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Preliminaries

So, first of all let me give you the definitions I'm dealing with. Let $k$ be an algebraically closed field, and $\mathbb{A}^n = k^n$.

An affine variety is a closed and irreducible subset of $\mathbb{A}^n$.

Here we endow $\mathbb{A}^n$ with the Zariski topology, so a closed subset is the zero set of an ideal in the polynomial ring $k[x_1,\dots,x_n]$. The irreducibility condition in the definition of affine variety requires that such an ideal is prime.

A k-space is a topological space $X$ together with a sheaf of $k$-algebras $\mathscr{O}_X$. We require that $\mathscr{O}_X$ is a subsheaf of the sheaf of $k$-valued functions on $X$.

An algebraic variety is an irreducible k-space $X$ such that $\exists$ an open cover $X=\bigcup_{i=1}^n U_i$ where each $U_i$ is an affine variety. Moreover we ask the diagonal $\Delta(X)$ to be closed in $X\times X$.

Now we use the term affine variety also for an algebraic variety which is isomorphic as a $k$-space to an affine variety as defined above.


The question

Given a closed subset of an affine variety, is this subset affine?


Remarks

My professor claimed this to be true, and I noticed some people take this fact as granted on this website as well, so I guess this should be true! Nevertheless I don't see why such a closed subset should be irreducible. But the point is: do we really care? My naive understanding of this affine/not affine business is that for an affine variety we can write down something like a global coordinate system (the coordinate ring), while for a general algebraic variety we have just local coordinates, ie we have many affines patched together in a way that cannot be described globally with the usual tools. Hence if a variety is reducible this is not a real obstruction to being affine: we can still find a global coordinate system. The important thing is that all the components lie in the same $\mathbb{A}^n$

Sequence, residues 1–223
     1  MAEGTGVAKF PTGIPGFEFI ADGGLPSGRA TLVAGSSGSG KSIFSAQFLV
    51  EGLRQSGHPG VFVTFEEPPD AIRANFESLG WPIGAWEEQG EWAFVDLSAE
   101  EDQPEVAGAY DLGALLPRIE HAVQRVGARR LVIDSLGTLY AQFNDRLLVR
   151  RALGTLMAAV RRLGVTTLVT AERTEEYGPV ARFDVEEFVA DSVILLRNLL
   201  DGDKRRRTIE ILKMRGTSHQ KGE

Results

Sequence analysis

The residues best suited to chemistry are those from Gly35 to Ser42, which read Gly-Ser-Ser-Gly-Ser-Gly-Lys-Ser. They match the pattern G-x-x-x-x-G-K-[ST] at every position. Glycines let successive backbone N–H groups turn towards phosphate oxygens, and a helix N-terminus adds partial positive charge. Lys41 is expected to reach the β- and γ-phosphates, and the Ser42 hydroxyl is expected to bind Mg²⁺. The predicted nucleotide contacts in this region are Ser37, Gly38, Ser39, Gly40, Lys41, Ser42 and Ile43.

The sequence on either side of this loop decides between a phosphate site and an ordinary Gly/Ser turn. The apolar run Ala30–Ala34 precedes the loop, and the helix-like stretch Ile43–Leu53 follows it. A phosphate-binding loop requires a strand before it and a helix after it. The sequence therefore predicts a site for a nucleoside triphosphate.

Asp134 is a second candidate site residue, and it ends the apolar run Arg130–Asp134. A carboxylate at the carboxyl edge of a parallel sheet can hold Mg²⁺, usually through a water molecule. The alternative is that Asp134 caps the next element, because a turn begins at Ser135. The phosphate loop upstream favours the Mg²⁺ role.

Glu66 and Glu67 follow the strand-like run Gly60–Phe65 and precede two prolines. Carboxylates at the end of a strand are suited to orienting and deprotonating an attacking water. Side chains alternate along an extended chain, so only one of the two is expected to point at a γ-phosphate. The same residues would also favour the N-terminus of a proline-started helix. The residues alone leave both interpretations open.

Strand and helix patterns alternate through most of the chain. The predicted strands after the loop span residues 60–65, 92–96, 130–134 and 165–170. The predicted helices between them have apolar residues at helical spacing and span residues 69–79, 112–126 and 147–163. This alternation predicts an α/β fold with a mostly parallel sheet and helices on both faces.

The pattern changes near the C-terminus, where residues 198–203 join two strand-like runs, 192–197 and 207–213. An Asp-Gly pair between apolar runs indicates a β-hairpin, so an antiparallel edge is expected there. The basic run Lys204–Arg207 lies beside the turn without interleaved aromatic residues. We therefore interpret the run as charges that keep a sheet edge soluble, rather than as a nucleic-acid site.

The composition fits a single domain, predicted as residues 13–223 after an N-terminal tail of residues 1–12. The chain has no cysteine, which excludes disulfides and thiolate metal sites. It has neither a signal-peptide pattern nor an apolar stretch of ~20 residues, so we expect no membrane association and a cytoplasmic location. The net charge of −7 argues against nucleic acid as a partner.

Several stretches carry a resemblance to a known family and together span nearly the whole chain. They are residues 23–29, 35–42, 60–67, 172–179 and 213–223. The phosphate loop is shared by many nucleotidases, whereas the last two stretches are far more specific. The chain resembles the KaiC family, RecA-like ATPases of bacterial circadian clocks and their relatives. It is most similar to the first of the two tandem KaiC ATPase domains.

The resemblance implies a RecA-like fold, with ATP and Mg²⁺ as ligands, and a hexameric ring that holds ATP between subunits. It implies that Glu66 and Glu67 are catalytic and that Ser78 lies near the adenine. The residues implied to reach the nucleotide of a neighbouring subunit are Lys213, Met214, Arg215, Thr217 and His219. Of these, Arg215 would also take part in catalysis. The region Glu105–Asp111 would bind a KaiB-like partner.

As you can see I'm a bit confused... some clarification about these ideas would be really appreciated!

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3 Answers 3

up vote 3 down vote accepted

This is just a matter of terminology. In both books I have to hand (Hartshorne, and Eisenbud's "Commutative algebra..."), the authors define an 'affine algebraic set' to be any subset of $\mathbb{A}^n$ given by the vanishing of polynomials, and an 'affine algebraic variety' to be an irreducible such set.

What is perfectly clear (and is possibly what 'The question' really asks, given the absence of the word 'variety' at the end) is that any closed subset of an affine algebraic set is again an affine algebraic set.

In practice though, the word 'variety' often seems to be used more generally, without the irreducibility requirement.

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Thank you very much, I think my confusion was arising exactly from this point! –  Abramo May 16 '13 at 10:54

The union of two points $\{1\} \cup \{2\}$ is a closed subset of $\Bbb{A}^1$ in the Zariski topology but it is obviously not irreducible.